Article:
Kumfs – #AtoZChallenge

(David said my “K” word should be either kleptomania, Kansas, or keratin. These have nothing whatsoever to do with MS. Or with me, for that matter.)

I have been known to fall a lot in my life. I think I had stitches in my head three times before my fifth birthday. I was teased mercilessly by my friends in junior high for falling off my brown leather platform sandals while standing still. (I just keeled over. There’s no explanation.)

Mine were like “G,” although — had I seen them — I probably would have wanted “K” back in the day.

If I’m completely honest, my friends have teased me my entire adult life about my inability to wear heels of any height. (It’s like Joey said about Chandler and bras. I can’t work ’em.)

Now, throw Multiple Sclerosis into the situation!

When I was first diagnosed, I was falling pretty regularly. I had foot drop in my left foot, so I’d catch my toe on the floor all the time. But, just like in 7th grade, there were also plenty of times that I just fell over for no apparent reason.

It got to the point where I was constantly checking in with David on it. “Would anyone have fallen right there? That was kind of uneven, right? I mean… right?” Sometimes he was able to reassure me, sometimes not.

I fall a lot less now. I wear what I call “orthopedic shoes” (almost exclusively walking shoes from Ziera, which used to be called Kumfs), because they are comfortable, supportive, and don’t irritate my sensitive foot. I can get most of the styles in whatever color I want, which is black. (They sell other colors for you people who don’t want to own ten pairs of black shoes.)

I sound like an ad, I know, but it took me a lot of trial and error to find shoes that would work, so if this helps someone who has similar issues, I’m glad. These shoes are spendy, I won’t lie; they probably average about $150 a pair, but it’s an investment in my health. I’ve decided to consider it a fair exchange for all the money I have saved by not dyeing my hair.

Judgment – #AtoZChallenge

MS is one of many “invisible” diseases. Because people can’t see what’s wrong with me, and because I look perfectly fine, they figure I’m doing great. And most of the time, I am, thanks to the wonders of pharmaceuticals! But other times, those invisible symptoms leave me thinking that people are judging me. (Lazy. Unreliable. Hypochondriac. Skiver. Unproductive. Antisocial.)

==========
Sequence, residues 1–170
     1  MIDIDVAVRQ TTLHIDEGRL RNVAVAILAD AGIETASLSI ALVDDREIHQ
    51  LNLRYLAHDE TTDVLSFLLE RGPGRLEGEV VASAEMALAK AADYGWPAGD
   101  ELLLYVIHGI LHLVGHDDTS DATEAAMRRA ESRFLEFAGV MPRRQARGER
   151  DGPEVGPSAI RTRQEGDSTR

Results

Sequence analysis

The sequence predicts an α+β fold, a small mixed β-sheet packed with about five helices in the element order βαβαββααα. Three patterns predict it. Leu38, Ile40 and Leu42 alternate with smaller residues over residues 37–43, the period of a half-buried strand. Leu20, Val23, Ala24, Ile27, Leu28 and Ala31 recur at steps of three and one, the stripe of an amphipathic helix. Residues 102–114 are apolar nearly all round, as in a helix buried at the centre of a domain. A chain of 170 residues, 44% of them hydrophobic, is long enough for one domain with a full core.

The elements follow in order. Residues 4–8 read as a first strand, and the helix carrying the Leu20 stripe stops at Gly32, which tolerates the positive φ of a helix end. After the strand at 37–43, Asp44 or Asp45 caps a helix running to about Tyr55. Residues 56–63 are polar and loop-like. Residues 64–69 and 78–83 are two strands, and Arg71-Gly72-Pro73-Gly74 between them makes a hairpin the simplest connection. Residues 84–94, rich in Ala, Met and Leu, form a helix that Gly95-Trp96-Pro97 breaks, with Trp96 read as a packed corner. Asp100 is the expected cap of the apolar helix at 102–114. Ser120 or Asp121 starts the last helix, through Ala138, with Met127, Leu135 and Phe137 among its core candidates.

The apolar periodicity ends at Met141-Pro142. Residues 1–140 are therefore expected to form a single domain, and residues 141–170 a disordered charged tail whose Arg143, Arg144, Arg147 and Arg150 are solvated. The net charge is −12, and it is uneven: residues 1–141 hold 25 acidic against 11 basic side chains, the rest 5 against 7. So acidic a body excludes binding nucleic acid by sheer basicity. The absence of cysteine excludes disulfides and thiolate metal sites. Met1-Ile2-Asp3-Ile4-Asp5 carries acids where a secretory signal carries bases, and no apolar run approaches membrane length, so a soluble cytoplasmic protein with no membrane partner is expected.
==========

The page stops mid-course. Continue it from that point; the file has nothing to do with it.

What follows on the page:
Then again, perhaps I’m projecting. Perhaps I’m the one doing the judging. I definitely think those things about myself when I spend days in bed, when I have no energy, when I have to call in sick to work, yet again. I’m the one putting expectations on myself and beating myself up when I can’t meet them.

There’s definitely a nagging feeling in the back of my mind that I could beat this if I wanted to, if I just worked hard enough. It’s no wonder I expect others  to think that, too.

Infection – #AtoZChallenge

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It’s hard to explain to people how infections are related to Multiple Sclerosis, since MS doesn’t technically cause infection. But I’ll give it a try!

Think, for a moment, about sinus infections. Most people can relate to the congestion, the headache, the face pain. But it makes no sense to most people that when I have a sinus infection, I’m liable to have tingling in my foot or an achy leg. How could that possibly be related to my sinuses?!

Well, when anyone’s body gets an infection, their immune system kicks in to fight it. Just like when Pac-Man has to chase down and chomp up the ghosts in the video game, your immune cells seek out infection and attack and remove it, to keep it from harming your body.

Unfortunately, Multiple Sclerosis is a disease where your body misidentifies actual good cells — those that make up the protective myelin sheath that covers all your nerves — for bad cells, and sends your immune cells out to chomp that myelin right off the nerves. The worst part? For a person who has MS, every time the immune response is turned on to attack another infection in the body, it turns on to attack the myelin again, as well. So every infection is a double whammy of the expected symptoms  of that illness and a flare-up of MS symptoms, too.

I’m especially cursed by this phenomenon, because I have damage to the nerves that lead to my bladder. I have trouble realizing that I have to pee, because the signals don’t reliably travel from bladder to brain, and I often have trouble peeing, because the signals don’t reliably travel from brain to bladder. This puts me at great risk of urinary tract infections, which can be caused by residual urine. And every UTI causes a worsening of MS symptoms, so it’s a vicious circle.

It’s frustrating. I don’t want to be a whiner, constantly going, “You don’t understand! Yes, I ‘only’ have a UTI or a cold or an infected paper cut, but it’s worse for me than it would be for you!” But it’s true, and it’s hard to make people understand that when I’m dealing with those things, I’m also getting slammed with extra-bad MS symptoms on top of it all.

(If we were in Notting Hill, I’d be going for that last brownie.)